Thomas Jefferson’s child slaves toiled in his tobacco fields: children were the right height to reach and kill tobacco worms. When Monticello shifted from tobacco to wheat, which required less manual labor, Jefferson had the children taught trades as an alternative to field toil. As he put it, his slave children must “go into the ground or learn trades“. He used food to make the kids work harder: if they did a good job, they got more food. If they were particularly diligent, they might also get new clothes. Jefferson had a clock installed on a Monticello wall that only had an hour hand. Jefferson, who believed that blacks were racially inferior and “as incapable as children,” figured that hour increments were all that the slaves could understand or needed to know.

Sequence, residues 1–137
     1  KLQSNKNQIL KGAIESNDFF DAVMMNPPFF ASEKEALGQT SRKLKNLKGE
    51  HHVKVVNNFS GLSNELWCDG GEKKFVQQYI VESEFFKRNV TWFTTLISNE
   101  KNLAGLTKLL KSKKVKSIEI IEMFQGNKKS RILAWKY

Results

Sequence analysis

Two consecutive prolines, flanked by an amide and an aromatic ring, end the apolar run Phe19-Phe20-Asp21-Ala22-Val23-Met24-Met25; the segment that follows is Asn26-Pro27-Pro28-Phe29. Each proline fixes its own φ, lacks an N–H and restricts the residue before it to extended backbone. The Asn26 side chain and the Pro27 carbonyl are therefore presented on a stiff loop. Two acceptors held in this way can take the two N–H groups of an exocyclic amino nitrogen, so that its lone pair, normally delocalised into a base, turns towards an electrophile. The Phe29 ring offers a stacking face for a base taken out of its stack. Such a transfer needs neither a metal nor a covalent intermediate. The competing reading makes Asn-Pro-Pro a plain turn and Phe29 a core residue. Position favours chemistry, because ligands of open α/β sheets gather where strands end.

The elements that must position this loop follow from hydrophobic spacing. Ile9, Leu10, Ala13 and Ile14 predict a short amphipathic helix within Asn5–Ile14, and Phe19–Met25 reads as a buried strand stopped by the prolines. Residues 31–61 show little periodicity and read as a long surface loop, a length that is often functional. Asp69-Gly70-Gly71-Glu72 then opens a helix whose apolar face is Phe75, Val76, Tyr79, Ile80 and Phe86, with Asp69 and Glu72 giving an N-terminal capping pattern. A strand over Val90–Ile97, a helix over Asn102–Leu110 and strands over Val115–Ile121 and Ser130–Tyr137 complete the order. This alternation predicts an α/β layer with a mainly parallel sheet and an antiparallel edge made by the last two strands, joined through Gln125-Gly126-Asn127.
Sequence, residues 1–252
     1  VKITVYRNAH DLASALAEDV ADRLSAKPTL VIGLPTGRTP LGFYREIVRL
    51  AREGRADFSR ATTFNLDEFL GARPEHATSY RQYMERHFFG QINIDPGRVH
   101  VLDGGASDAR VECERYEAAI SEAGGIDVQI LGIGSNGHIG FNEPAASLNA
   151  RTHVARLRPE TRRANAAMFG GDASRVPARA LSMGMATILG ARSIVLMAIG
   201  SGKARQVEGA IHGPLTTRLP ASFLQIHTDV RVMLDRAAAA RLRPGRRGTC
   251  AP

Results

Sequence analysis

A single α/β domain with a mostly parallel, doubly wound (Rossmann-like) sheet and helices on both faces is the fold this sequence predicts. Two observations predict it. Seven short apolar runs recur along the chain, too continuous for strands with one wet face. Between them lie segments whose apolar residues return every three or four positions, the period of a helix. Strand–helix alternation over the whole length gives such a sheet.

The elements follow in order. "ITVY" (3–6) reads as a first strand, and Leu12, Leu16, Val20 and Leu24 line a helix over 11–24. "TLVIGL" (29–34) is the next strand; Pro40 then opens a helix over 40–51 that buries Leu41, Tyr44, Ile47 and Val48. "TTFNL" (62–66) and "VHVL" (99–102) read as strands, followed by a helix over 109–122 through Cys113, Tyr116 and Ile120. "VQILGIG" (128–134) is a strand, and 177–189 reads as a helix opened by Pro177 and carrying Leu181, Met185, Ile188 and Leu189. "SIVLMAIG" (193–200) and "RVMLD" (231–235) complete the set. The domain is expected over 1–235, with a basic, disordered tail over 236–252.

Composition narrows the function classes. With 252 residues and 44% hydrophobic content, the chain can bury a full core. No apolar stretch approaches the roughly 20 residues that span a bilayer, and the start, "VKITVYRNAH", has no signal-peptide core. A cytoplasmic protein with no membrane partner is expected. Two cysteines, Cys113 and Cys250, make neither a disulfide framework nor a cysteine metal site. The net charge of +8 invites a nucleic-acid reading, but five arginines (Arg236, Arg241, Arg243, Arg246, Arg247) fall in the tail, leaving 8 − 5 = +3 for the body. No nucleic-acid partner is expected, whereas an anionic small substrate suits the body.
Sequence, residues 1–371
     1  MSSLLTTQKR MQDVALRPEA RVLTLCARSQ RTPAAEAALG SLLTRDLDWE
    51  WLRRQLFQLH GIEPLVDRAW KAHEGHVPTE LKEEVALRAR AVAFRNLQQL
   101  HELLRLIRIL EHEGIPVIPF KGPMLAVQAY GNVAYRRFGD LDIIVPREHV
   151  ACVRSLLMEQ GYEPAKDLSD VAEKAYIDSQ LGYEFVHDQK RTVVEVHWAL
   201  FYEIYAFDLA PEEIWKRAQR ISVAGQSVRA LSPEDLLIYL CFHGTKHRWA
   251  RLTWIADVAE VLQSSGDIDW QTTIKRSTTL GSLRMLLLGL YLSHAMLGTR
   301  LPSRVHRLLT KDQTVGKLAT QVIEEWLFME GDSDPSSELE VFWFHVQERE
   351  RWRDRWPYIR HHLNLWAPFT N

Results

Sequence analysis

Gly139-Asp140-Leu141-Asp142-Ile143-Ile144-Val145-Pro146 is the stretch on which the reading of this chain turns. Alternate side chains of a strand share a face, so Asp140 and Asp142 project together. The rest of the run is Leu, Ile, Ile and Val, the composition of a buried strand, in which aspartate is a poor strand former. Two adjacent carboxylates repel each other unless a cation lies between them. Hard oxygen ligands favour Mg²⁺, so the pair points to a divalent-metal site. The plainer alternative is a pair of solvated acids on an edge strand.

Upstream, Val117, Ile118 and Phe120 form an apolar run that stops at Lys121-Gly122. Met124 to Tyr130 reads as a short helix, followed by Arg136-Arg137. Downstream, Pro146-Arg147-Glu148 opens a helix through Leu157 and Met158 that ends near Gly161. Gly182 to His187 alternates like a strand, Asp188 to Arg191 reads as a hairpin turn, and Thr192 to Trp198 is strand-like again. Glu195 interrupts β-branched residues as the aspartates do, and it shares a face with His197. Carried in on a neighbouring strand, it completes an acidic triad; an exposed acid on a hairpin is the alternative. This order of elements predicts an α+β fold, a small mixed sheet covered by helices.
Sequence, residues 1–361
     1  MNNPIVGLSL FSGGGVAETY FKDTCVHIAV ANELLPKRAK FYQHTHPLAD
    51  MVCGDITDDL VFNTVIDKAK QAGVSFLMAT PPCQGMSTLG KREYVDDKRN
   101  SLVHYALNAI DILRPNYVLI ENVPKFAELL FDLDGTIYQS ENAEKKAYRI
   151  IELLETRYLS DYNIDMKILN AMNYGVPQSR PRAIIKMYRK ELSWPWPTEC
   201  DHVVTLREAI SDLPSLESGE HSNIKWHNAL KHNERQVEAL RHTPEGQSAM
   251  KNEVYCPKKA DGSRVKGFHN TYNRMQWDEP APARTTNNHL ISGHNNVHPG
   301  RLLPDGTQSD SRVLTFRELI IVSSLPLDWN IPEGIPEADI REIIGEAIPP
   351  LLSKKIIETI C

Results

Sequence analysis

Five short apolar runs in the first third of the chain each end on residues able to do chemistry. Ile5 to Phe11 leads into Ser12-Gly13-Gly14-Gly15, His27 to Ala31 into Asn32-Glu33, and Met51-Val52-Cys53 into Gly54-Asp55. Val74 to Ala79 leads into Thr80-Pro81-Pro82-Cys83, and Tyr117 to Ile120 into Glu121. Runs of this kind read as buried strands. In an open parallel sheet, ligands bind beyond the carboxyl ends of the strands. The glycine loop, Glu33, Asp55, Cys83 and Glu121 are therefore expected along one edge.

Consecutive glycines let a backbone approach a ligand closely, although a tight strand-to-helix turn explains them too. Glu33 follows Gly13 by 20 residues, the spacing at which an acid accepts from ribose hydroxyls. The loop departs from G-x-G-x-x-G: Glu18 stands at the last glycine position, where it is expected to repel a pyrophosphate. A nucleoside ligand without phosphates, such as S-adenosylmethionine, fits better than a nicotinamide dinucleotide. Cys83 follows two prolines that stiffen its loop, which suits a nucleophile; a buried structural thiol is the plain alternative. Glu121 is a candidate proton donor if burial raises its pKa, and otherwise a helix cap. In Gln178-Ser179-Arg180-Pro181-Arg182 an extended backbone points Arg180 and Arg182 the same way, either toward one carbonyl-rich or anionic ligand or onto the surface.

Jefferson had cabins built for the house slaves about a hundred yards from and facing the mansion. Blacks who worked the fields were housed further away. That way, they and their backbreaking labor would be out of his sight in both the literal and figurative senses. Originally, Jefferson’s slaves lived in two-room cabins, with one family per room and a single shared doorway to the outside. From the 1790s onwards, the slaves were housed in single-room cabins, each with its own door. By the dismal standards of American slavery at the time, the lives of Jefferson’s slaves at Monticello were less terrible than average. Their lot was still quite horrible, but not as horrible as the lot of most other slaves with most other masters.
Where Did We Find This Stuff? Some Sources and Further Reading